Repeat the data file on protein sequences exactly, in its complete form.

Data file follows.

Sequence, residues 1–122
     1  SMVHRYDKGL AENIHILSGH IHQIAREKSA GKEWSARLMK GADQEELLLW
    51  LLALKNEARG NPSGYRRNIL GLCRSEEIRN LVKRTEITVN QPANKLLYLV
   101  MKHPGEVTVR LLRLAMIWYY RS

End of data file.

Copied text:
Sequence, residues 1–122
     1  SMVHRYDKGL AENIHILSGH IHQIAREKSA GKEWSARLMK GADQEELLLW
    51  LLALKNEARG NPSGYRRNIL GLCRSEEIRN LVKRTEITVN QPANKLLYLV
   101  MKHPGEVTVR LLRLAMIWYY RS